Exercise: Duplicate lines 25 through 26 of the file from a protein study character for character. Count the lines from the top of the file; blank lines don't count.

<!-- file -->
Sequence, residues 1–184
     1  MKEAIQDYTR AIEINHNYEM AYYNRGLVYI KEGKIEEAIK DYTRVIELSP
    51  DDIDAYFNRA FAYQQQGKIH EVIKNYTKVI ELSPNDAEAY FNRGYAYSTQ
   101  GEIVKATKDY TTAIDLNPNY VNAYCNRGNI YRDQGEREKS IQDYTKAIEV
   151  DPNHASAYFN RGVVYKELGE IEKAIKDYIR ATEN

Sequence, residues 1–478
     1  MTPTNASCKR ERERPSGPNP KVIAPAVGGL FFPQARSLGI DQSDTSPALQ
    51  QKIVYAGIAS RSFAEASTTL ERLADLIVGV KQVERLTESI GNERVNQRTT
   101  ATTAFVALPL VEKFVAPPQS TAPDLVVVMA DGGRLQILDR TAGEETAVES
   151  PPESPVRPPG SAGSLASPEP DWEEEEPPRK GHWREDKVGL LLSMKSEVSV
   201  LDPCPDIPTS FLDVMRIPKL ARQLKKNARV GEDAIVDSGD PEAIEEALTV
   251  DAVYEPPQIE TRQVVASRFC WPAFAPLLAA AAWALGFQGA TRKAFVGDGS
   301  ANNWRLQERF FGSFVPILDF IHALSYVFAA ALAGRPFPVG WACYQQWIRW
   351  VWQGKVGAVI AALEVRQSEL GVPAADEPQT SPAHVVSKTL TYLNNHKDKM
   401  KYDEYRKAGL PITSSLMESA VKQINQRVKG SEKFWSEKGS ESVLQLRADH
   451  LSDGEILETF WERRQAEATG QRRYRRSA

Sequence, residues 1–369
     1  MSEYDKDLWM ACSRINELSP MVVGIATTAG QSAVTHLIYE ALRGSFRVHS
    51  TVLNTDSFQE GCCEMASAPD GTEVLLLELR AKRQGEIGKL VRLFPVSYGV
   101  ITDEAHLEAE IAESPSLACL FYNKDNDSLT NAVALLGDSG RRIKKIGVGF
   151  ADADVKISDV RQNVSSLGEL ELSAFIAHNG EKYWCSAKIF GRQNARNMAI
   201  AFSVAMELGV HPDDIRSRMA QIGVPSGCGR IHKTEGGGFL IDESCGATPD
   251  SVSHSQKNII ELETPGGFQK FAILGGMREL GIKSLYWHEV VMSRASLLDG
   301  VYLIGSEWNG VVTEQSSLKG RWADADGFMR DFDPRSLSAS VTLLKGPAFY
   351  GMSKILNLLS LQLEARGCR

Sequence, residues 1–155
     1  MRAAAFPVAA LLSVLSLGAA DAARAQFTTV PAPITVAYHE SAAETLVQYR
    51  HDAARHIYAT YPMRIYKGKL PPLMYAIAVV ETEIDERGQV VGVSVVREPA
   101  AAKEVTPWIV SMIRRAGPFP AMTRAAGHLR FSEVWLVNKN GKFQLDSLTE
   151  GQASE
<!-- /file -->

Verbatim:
   351  GMSKILNLLS LQLEARGCR

Sequence, residues 1–155